We are in shock. On Monday, Feb. 25, Jim Taylor struck a tree in while skiing in Squaw Valley. He was airlifted out but was pronounced dead at Renown Medical Center in Reno.
Jim Taylor is a good friend of mine. He has been a supporter/advertiser of mtbr for the last 10 years. We’ve ridden with him in the trails of Santa Cruz and we’ve skied with him Squaw. He rides like a god and skis even better.
He’s 52 years old but he’s got the fitness and agility of a 25 year old. His love for the bike is only surpassed by his love of skiing. He moved from his residence in the Bay Area to Truckee so he can be close to the skiing.
Jim leaves behind a very loving wife, Joyce who often mans his Downieville or Interbike booth while us kids play. Our thoughts and prayers go out to her.
founder, mtbr.com and roadbikereview.com
Here is a heart-felt message by one of Jim Taylor’s close friends, Pat Trolan.
I was a close friend of Jim Taylor’s. All your comments are extremely touching and mean a lot to those that knew him. Frankly, they have brought tears to my eyes.
Jim was born and raised in Santa Cruz, Ca. He had been skiing and cycling since an early age. After his high school years in Santa Cruz he lived in Squaw Valley for several years. He earned his living doing sheet rock. He’d save his money during the summer months so he could ski all winter.
After several years of that he moved back to the Santa Cruz area and got a job as sales rep in what is now Silicon Valley. He worked in high tech for most of his career. In his last job before starting Jet he developed, marketed and sold products for a company in San Jose, Ca. He was truly a one man show and the company did very well for the owner and Jim.
After doing this for ~10 he decided he wanted to run his own company. He was searching for ideas for a product to build. At this time night riding for mountain bikes was just getting started. Jim purchased a light from one of the companies in the industry for his own personal use. At the time he lived very near the trails at UC Santa Cruz and those trails were essentially his back yard. After using it for several months he felt it was poorly designed. It was simply too heavy and it lacked any flexibility from a feature stand point. Jim though up the concept of having a dual beam light that was modular – meaning you could run one beam two by simply snapping them together.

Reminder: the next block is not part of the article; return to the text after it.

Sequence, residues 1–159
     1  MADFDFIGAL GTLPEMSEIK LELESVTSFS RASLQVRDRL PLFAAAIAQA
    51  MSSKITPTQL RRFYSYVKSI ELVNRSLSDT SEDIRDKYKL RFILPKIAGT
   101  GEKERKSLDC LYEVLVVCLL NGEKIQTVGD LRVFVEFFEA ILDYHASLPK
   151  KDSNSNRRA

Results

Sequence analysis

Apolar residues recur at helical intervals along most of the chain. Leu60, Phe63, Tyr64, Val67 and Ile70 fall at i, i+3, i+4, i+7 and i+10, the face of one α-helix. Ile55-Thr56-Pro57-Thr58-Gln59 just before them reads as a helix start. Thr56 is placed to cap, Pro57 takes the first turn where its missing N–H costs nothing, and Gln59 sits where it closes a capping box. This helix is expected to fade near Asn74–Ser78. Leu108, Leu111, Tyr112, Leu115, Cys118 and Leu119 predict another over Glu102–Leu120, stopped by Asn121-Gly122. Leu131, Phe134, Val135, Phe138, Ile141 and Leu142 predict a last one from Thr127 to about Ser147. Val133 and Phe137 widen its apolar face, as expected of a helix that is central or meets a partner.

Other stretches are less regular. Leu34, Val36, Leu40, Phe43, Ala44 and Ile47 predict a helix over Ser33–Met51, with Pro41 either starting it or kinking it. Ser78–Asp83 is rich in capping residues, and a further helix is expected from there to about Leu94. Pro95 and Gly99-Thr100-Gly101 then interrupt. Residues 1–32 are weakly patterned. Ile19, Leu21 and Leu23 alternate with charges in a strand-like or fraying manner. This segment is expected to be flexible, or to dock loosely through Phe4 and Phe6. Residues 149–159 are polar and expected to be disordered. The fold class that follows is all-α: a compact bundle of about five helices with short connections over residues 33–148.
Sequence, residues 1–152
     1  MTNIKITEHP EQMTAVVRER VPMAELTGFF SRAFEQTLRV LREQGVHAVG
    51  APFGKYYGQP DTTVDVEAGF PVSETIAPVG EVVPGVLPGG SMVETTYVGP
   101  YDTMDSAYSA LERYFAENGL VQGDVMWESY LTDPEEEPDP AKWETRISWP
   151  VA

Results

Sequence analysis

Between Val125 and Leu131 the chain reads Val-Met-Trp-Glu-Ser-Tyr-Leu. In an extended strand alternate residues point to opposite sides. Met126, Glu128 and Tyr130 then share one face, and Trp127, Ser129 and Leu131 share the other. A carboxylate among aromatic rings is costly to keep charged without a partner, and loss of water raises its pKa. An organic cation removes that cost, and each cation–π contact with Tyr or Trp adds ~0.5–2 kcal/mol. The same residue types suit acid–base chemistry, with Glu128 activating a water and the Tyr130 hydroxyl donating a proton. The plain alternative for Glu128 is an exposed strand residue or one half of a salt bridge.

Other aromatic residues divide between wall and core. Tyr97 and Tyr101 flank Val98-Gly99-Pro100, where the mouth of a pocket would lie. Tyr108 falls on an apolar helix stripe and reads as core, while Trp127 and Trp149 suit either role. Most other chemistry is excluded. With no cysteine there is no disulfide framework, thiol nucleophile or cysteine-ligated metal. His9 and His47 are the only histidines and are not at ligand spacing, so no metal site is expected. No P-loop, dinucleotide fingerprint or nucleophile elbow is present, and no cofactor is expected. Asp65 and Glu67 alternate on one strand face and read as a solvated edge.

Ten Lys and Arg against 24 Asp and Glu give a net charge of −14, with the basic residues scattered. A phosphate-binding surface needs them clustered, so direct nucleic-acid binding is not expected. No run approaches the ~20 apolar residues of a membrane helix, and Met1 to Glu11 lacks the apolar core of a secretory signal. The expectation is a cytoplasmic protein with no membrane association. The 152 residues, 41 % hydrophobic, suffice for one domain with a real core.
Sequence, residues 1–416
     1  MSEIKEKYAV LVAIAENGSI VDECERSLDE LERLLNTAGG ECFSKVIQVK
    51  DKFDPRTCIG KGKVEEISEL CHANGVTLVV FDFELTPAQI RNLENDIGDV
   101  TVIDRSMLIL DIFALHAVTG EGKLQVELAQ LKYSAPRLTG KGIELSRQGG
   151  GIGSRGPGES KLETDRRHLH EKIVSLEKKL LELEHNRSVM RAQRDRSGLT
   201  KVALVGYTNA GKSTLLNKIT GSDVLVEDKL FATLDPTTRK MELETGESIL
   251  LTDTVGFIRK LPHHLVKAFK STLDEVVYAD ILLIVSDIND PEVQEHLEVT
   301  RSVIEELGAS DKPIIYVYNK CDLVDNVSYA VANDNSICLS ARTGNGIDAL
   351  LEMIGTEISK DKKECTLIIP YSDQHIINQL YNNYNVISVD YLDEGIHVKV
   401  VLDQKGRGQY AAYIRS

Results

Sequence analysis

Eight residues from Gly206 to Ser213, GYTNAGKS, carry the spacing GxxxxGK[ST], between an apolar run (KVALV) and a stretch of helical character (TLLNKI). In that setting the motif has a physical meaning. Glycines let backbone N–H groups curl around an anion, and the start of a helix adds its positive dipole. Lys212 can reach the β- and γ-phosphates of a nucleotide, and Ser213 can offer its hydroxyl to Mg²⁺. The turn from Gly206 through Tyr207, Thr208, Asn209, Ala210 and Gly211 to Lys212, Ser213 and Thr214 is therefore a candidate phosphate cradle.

I remember him showing me the first draft of the engineering drawings in the back of his Ford Explorer before a ride in Nisene Marks. It was also on the trails of Nisene Marks and UCSC/Gray Whale/ Wilder Ranch where the first Jet Lites were tested. Jim would bring out several sets of lights and he’d outfit a few guys’ bikes for a ride/test session. Folks like Tom Moore, Brad Halcomb (who would win a N. Cal Pro down hill title) and I were the first to ride with a Jet Lite products before they were available to the public.
From the first prototypes the lights were brighter and lighter than anything else any of us had used before. However, Jim was always looking to improve it. He wanted to make it more reliable as well as introduce new features (dimming modes, fuel gages, longer lasting batteries, lighter batteries etc.). He test the product constantly often times on solo night rides at 11 pm during the summer months. The innovation never stopped. At times he was overwhelmed because he did the marketing, sales, design work and boxed up the product.
If you have a Jet Lite I’m 100% positive there is a Jim Taylor finger print on it. In the early days we’d sometime gather a friend or two and go to his shop on the weekend before a ride to help him. He’d tell us how many orders he had for each type of light and we’d set up an assembly line put the various components into the right boxes. We made a game out of it and tried to see how many of the various models we could build in a short time. He was always super grateful for the help. None of us would have dreamed of accepting any money.
Heck, sometimes we did it because he told us he couldn’t ride that day because he had to build lights. So, we’d offer to help so he could get the orders filled and we could ride together. It was selfish on our part. We wanted him on the ride. It was more fun with him along because he’d always stir it up out on the trail. I can hear him now says “Let’s go Daws!” “Let’s go Trolan!” “Go! GO!! Catch him!” These were some of the best times I’ve ever had. I have many, many wonderful memories of times with Jim. I know others have them as well. I’m grateful to have known him. I’m thankful to him for all the advice he gave me.
I last saw Jim on Friday February 8th in the late afternoon at Squaw Valley. We sat down at Plump Jacks for a beer (he had a coke). We had skied the two days before in the afternoon. He was headed to British Columbia the next day on a ski trip. I walked with him towards our cars through the village. We stopped at a few booths that were set up by vendors out side due to the skiing competition that coming weekend. He was happy and healthy. He was excited about his forth coming trip.
I thank you Jim.
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